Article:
Where will your retirement money come from? If you’re like most people, qualified-retirement plans, Social Security, and personal savings and investments are expected to play a role. Once you have estimated the amount of money you may need for retirement, a sound approach involves taking a close look at your potential retirement-income sources.
Make your retirement as exciting as your next vacation.
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Explore the growing influence women wield over the economy with this handy infographic.
Most women don’t shy away from the day-to-day financial decisions, but some may be leaving their future to chance.
As our nation ages, many Americans are turning their attention to caring for aging parents.
To choose a plan, it’s important to ask yourself four key questions.
Regardless of how you approach retirement, there are some things about it that might surprise you.
A change in your mindset during retirement may drive changes to your portfolio.
This calculator can help you estimate how much you may need to save for retirement.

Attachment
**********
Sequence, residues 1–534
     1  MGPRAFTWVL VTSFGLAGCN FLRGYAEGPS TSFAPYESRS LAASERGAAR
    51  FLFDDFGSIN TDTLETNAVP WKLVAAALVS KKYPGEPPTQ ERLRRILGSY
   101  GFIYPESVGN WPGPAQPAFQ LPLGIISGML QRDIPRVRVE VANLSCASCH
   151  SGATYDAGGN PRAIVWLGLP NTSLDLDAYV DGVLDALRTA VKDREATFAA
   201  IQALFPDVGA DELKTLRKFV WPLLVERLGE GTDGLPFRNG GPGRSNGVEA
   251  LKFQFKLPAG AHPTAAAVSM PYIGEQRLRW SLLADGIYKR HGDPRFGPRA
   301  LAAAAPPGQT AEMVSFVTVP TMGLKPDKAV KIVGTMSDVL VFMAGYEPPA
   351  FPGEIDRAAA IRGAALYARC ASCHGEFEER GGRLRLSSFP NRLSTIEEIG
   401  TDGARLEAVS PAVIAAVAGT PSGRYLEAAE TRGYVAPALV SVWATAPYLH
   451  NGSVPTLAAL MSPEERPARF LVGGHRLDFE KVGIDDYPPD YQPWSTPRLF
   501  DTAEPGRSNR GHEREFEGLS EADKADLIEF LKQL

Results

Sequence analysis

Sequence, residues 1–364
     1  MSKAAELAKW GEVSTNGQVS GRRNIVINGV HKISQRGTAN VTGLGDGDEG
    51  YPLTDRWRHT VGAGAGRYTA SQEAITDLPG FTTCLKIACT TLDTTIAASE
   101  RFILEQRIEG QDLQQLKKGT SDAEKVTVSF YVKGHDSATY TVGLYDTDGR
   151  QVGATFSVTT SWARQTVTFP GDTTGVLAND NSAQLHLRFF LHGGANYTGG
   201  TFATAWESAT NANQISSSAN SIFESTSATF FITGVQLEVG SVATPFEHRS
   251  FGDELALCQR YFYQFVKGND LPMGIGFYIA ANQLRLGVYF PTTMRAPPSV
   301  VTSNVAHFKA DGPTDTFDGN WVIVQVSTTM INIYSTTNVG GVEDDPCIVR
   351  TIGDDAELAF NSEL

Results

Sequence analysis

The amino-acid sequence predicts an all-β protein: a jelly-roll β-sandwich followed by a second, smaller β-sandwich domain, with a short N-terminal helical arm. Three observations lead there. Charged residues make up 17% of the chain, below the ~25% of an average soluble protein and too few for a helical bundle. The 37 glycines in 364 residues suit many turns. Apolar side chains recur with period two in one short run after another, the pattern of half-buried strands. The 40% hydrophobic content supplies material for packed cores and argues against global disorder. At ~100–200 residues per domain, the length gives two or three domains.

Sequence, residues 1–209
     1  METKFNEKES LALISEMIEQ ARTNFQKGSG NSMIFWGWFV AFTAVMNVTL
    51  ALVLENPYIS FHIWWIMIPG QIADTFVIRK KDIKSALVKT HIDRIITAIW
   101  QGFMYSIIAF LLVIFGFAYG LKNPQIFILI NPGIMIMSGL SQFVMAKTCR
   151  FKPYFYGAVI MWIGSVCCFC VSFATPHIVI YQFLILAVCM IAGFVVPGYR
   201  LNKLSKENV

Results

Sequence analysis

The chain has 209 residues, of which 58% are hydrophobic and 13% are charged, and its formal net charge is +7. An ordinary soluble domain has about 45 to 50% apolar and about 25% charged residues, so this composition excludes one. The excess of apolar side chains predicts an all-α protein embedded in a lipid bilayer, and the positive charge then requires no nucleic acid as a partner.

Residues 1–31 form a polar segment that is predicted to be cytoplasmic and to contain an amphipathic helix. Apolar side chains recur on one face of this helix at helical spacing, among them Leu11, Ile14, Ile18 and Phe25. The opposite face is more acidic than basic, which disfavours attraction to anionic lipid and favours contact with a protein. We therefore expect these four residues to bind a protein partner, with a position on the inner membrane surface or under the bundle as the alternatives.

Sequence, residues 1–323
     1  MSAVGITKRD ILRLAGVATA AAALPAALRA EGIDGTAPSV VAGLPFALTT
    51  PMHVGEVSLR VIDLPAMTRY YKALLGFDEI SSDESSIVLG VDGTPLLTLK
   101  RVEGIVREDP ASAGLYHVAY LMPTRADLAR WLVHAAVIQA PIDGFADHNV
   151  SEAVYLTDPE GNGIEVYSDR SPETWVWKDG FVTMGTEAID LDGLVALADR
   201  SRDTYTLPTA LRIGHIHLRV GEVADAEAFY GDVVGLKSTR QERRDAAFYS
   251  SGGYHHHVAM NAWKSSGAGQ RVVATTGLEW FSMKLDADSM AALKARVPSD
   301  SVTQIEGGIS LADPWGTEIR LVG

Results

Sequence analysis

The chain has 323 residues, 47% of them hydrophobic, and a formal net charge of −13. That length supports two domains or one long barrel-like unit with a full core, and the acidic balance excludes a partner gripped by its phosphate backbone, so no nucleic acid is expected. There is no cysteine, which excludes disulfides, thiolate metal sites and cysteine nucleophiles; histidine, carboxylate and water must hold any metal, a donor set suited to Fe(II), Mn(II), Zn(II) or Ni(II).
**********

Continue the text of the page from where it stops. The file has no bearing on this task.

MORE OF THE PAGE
Estimate your monthly and annual income from various IRA types.
Estimate how long your retirement savings may last using various monthly cash flow rates.
Estimate the maximum contribution amount for a Self-Employed 401(k), SIMPLE IRA, or SEP.
This calculator may help you estimate how long funds may last given regular withdrawals.
This calculator compares a hypothetical fixed annuity with an account where the interest is taxed each year.
Investment tools and strategies that can enable you to pursue your retirement goals.
A number of questions and concerns need to be addressed to help you better prepare for retirement living.
There’s an alarming difference between perception and reality for current and future retirees.
What does your home really cost?
How does your ideal retirement differ from reality, and what can we do to better align the two?
Taking your Social Security benefits at the right time may help maximize your benefit.
Around the country, attitudes about retirement are shifting.
There are a lot of misconceptions about Social Security. Here’s the truth about three of them.